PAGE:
Shift Work Disorder

Learn About Shift Work Disorder

Shift workers are required to be awake when the majority of people are asleep, and vice-versa.  This puts their sleep/wake cycle at odds with day/night cycle.  Further complicating matters is that they are frequently awake during their sleep period due to social demands that can only be met during daytime hours.  The net effect is being chronically sleep deprived and worse, being sleep deprived at one of the physiologically least favorable portions of their sleep/wake cycle; therefore they need to be cautious when driving and when in environments in which dozing off is dangerous. Using drugs or alcohol to try to improve sleep can lead to substance abuse.

While it is theoretically possible to train the sleep/wake cycle to reverse itself relative to the day/night cycle, this requires quite a bit of discipline and rarely happens.  Therefore these workers are awake when their body wants to sleep, and must sleep when the body wants to be awake.  This leaves them less than optimally alert during their shift.  If the shift schedule causes sleep that is fragmented and non-restorative, resulting in daytime sleepiness and impairment in functioning for at least a month, then Shift Work Sleep Disorder is a likely diagnosis.  Other features of Shift Work Sleep Disorder include headaches, difficulty concentrating, and low energy levels.

Improving the sleep in Shift Work Sleep Disorder requires understanding how the circadian clock works (see Sleep Disorders III:  Disorders of Sleep Rhythm) and finding ways to adjust the circadian rhythm as best as is feasible under these unnatural work conditions. Adjusting the internal clock to adapt to a reversed day/night activity schedule may include properly timed bright and dim light exposures relative to the timing of the desired sleep period. For example, an individual whose shift ends in the morning who intends to go home and sleep should minimize exposure to light between the end of work and bedtime (e.g., wear sunshades, have blackout curtains in the bedroom).  Medication is available to help shift workers maintain alertness during their shift, and allow them to remain awake so they can bring more of the urge to sleep (sleep pressure) to their sleep period.  

Young adults and “night owls” find it easier to adjust to night and non-traditional work shifts.  They feel that they function better at night; they often go to bed late on a regular basis. These people may choose to work a night shift; they prefer to work during the hours when they feel the most alert.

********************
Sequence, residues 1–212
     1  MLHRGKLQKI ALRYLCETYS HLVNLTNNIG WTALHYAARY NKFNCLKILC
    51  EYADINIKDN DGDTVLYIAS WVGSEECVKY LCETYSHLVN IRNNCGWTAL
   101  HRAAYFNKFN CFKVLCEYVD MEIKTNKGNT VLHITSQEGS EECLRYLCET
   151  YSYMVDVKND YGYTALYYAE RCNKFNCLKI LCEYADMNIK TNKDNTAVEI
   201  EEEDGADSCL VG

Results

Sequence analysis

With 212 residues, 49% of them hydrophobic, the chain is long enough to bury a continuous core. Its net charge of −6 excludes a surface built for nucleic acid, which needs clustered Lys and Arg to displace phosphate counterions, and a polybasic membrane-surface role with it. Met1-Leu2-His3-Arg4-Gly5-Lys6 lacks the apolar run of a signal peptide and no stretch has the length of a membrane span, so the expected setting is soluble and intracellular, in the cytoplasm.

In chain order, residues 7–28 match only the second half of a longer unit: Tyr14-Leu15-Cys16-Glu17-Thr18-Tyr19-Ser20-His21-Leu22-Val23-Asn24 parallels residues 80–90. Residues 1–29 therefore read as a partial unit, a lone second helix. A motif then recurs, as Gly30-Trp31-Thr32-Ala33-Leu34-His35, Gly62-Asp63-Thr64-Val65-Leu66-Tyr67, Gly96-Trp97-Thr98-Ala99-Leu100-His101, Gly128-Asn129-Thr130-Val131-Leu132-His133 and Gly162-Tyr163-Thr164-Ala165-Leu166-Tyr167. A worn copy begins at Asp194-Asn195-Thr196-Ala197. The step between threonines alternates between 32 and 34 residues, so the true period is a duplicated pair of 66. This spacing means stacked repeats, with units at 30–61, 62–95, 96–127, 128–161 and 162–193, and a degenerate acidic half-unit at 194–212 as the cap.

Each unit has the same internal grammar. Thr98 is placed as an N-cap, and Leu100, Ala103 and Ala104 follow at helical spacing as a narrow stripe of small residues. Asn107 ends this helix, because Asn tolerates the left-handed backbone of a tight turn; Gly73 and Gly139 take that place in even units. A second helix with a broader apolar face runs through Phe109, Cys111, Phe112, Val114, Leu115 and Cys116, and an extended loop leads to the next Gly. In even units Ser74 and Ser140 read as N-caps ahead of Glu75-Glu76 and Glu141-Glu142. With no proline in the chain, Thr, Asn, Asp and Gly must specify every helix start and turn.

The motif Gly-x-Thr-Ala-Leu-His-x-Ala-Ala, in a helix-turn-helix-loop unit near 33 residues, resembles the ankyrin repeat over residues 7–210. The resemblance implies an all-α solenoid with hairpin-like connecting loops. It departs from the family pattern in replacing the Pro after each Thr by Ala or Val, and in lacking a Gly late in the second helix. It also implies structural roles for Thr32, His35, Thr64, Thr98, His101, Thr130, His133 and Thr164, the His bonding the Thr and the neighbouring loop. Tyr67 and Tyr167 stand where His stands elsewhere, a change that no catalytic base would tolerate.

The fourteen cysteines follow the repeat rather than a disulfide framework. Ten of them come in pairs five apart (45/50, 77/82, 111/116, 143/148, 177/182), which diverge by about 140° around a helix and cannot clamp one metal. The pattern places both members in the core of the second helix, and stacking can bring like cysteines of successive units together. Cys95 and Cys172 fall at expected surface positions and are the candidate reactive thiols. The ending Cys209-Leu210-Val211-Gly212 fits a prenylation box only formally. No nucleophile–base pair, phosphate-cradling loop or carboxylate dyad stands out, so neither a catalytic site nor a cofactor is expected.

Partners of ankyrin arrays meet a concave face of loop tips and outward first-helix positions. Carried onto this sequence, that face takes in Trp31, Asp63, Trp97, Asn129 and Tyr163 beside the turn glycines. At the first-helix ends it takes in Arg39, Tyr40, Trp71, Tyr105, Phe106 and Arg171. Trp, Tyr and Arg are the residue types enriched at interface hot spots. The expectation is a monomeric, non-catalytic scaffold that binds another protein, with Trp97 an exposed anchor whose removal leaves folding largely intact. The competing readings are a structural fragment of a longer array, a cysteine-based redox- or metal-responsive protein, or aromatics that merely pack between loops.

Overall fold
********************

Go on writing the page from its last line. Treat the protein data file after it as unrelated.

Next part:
Normally, a record of sleep patterns and work schedules is enough information for a doctor to diagnose Shift Work Sleep Disorder.  additional tests may be required if other sleep disorders are suspected to be causing the symptoms, such as an overnight sleep study conducted at home or in the sleep lab (polysomnography) or a daytime nap study (the Multiple Sleep Latency Study, (MSLT)) that records sleep onset during four naps taken throughout the day. It also shows the kind of sleep obtaining during the nap, particularly if rapid eye movement (REM) sleep occurs, as this has diagnostic significance for the condition of narcolepsy.  

There are some steps that can be taken to minimize the risk of developing Shift Work Sleep Disorder.  Maintaining a strict sleep-wake schedule, even on days off from work, is the ideal way to harmonize the sleep/wake cycle and the day/night cycle.  Avoid frequently rotating shifts; but if they must rotate it is more physiologic that they rotate forward rather than backward, to increase the probability that the sleep/wake cycle will synchronize with, or entrain, the rest/activity cycle.   While working the night shift, it is important to minimize or avoid stimulants such as caffeine during second half of the shift, since this can prevent being able to initiate or maintain sleep once going to bed. Although keeping the work environment well lit with bright light can help maintain alertness while working at night, avoid bright light exposure prior to going to bed since it will interfere with the initiation and maintenance of sleep.  Wear sunglasses during the drive home to avoid exposure to bright morning light.  Keep the bedroom dark and quiet so that it is conducive to sleep.  Most importantly, do not drive a motor vehicle, operate dangerous machinery, or otherwise engage in potentially hazardous activity while impaired due to sleepiness. - Mark J. Woyshville, MD

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